About Media Company Equity Valuation Training
Knowing what a company is worth and what determines is value, is a prerequisite towards intelligent decision making. It’s the process to determine the economic worth of a company under some specific assumptions and conditions, and subject to the available data on the date of valuation. It’s important to mention that business valuation is not a science and depends on several factors like purpose of valuation, stage of the business, projected financial results, past financial performance, market recognition, industry scenario etc.
What is company valuation?
Company valuation is a process for estimating the economic worth of a stakeholder’s interest in a business. Before starting the valuation, the circumstances surrounding and the reasons for valuation has to be ascertained. These are formally known as “premise of value”, and “standard of value”. While the former relates to assumptions on which valuation is based, the latter represents the hypothetical conditions on which the company will be valued.
There are several instances when you may have to determine the market value of a company. Selling and buying a business, of course, is one of the most common reasons. Estate planning, reorganisation, and verification of a company’s worth to its investors and lenders are the other common reasons.
Valuing a business is not mathematics that will lead to a calculated result. Valuations may vary on the type of business and the reasons behind valuating it in the first place. There are many factors involved in the process, from the book value of the company to a wide range of tangible and intangible elements. Generally speaking, the value of a company will have to rely on its cash flow analysis. In other words, a company’s ability to generate regular profits would ultimately determine its actual worth in the marketplace.
Business valuation is the first point where sellers and buyers meet. The two sides rarely arrive at a common number. The seller would obviously look for a higher price to sell the business. The buyer, on its part, would want a lesser valuation. The goal of the media company evaluator would be to arrive at a number from which the seller and buyer can further negotiate the price. Veteran business appraiser Bryan Goetz said that businesses are as complex and unique like the people who run them and a company can’t be valued by a simple thumb rule.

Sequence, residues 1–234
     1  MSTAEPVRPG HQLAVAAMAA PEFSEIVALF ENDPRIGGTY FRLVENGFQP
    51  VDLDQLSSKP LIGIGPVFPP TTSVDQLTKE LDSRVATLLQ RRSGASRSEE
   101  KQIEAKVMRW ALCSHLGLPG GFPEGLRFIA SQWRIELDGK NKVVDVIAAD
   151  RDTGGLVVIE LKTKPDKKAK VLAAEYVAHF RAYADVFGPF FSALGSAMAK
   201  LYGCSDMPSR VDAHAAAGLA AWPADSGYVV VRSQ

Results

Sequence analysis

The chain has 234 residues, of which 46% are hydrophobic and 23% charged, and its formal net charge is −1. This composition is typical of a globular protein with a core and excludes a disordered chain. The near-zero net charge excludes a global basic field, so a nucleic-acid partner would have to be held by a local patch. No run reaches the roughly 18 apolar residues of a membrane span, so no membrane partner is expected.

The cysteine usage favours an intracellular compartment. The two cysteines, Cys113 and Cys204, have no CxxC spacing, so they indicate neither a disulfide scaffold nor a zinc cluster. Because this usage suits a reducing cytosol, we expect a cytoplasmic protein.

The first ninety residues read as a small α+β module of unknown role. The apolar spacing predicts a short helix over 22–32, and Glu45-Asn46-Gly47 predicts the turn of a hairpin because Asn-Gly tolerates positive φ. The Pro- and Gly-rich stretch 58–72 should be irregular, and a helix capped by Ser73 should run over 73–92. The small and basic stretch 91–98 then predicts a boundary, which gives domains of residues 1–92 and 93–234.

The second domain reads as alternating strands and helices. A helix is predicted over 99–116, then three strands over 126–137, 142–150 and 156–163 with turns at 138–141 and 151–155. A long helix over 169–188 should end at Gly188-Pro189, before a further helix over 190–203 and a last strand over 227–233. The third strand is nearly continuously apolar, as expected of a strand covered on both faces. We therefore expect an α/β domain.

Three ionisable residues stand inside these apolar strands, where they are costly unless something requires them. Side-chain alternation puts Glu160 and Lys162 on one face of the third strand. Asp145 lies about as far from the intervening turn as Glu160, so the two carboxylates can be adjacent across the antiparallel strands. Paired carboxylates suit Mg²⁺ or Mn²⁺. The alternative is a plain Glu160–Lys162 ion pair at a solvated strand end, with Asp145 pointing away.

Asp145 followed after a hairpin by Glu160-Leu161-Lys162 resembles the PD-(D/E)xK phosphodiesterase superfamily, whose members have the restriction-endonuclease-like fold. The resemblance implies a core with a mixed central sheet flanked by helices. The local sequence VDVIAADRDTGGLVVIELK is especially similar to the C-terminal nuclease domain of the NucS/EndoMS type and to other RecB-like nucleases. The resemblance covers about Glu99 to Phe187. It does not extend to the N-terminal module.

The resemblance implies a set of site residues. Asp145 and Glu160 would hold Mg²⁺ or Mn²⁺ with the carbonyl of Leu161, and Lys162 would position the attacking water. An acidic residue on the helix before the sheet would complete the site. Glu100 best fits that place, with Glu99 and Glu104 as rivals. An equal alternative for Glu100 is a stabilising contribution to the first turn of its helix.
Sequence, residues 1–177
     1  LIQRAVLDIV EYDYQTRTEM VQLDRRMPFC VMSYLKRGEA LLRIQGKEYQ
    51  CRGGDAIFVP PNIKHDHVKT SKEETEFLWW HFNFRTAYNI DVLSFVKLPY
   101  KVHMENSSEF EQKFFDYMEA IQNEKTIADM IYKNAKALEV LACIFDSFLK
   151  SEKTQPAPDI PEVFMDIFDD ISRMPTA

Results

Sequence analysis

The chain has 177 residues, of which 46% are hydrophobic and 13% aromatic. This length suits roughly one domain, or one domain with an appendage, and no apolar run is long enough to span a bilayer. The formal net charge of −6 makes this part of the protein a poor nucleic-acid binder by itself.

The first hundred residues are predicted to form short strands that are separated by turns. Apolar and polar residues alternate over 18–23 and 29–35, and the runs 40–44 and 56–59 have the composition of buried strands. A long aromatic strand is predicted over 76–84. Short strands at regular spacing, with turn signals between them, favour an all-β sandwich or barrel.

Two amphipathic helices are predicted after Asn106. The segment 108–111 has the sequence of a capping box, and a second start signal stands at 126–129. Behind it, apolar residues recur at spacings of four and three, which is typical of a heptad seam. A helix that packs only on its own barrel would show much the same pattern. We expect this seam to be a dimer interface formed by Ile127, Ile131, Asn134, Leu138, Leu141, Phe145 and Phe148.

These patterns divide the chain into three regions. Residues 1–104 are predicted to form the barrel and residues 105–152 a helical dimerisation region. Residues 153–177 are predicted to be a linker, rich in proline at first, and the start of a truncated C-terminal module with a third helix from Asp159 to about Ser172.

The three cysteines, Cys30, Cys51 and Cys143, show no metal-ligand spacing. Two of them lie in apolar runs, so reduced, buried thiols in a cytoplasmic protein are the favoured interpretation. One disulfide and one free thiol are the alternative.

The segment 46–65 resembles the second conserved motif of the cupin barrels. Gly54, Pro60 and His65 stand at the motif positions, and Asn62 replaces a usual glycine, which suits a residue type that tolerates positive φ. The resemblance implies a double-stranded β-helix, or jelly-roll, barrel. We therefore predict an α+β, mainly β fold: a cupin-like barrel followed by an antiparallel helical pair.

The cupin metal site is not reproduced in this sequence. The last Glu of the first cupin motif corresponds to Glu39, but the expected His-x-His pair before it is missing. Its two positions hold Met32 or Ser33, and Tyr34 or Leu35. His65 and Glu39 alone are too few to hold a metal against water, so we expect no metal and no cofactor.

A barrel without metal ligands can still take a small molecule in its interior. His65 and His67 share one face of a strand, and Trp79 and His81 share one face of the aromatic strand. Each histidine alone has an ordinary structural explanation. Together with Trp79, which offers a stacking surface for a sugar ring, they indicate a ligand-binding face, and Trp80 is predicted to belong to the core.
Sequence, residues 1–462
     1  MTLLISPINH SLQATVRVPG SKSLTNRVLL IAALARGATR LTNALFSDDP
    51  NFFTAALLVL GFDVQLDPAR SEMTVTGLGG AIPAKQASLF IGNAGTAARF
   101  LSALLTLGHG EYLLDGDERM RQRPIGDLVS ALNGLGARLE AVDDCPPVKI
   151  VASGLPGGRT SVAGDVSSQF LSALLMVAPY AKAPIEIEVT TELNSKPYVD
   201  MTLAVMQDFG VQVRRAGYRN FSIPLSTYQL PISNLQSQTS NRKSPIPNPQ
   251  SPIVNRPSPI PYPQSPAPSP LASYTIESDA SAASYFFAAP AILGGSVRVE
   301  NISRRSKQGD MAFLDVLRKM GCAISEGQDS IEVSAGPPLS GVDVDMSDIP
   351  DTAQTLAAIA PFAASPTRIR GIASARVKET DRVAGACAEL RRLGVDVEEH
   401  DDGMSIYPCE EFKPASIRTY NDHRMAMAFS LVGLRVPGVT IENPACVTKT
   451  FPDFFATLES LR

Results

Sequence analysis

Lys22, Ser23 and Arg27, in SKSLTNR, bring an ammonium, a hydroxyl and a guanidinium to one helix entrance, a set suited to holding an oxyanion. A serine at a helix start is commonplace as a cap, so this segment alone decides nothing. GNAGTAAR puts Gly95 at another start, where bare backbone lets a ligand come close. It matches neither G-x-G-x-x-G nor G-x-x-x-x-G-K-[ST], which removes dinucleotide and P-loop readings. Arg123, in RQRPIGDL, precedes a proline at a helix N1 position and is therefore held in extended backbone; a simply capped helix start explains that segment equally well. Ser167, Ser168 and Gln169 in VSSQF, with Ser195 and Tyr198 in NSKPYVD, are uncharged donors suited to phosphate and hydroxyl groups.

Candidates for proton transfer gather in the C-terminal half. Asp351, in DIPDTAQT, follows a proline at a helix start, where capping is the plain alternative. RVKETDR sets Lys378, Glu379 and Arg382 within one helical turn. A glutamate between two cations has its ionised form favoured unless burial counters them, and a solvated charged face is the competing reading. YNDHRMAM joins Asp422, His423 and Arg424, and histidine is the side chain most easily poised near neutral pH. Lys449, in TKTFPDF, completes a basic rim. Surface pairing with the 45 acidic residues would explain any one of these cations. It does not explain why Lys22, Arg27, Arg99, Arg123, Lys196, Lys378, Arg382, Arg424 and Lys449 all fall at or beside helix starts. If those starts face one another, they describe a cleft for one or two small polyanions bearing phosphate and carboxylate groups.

Here are some of the key facts of company evaluation.
- Price and value are not the same: The value of a company, regardless the method used to calculate it, is not same as selling price. Legendary investor Warren Buffet had once famously said: “Price is what you pay, value is what you get.” They can never be the same.
- Valuation varies: Valuation of a company changes with purpose, time and person. “Value” is a subjective term that usually has different connotations with different things and different people. The results are likely to be different according to the time of valuation.
- Transaction happens at a negotiated price: The value of a company can be determined by the valuation approach. The value, however, could be still subjective. It could depend on the price expectations of both the seller and the buyer and negotiation can only happen at a mutually agreed price.
Equity Valuation Course description
The media company valuation course description is as follows.
Fundamentals of the popular electronic spreadsheet are introduced in this section. These include ribbons and the quick access toolbar, surfing the Excel “Help” function, case studies, data entry, populating the case study, calculations i.e. addition, subtraction, multiplication, and division, formulas like sum, max, min, and average, formatting the number and table formats, updating calculations, percentage and absolute references, “If” function, conditional formatting, Countif and Sumif functions, creating graphs and charts, creating pie charts, filters, sorts, pivot tables, presentation table formats, freeze and split, formatting charts and presentation indents, printing worksheets, printing headers and titles, shortcuts to formatting and navigation, shortcuts to selection data and formula, and common errors.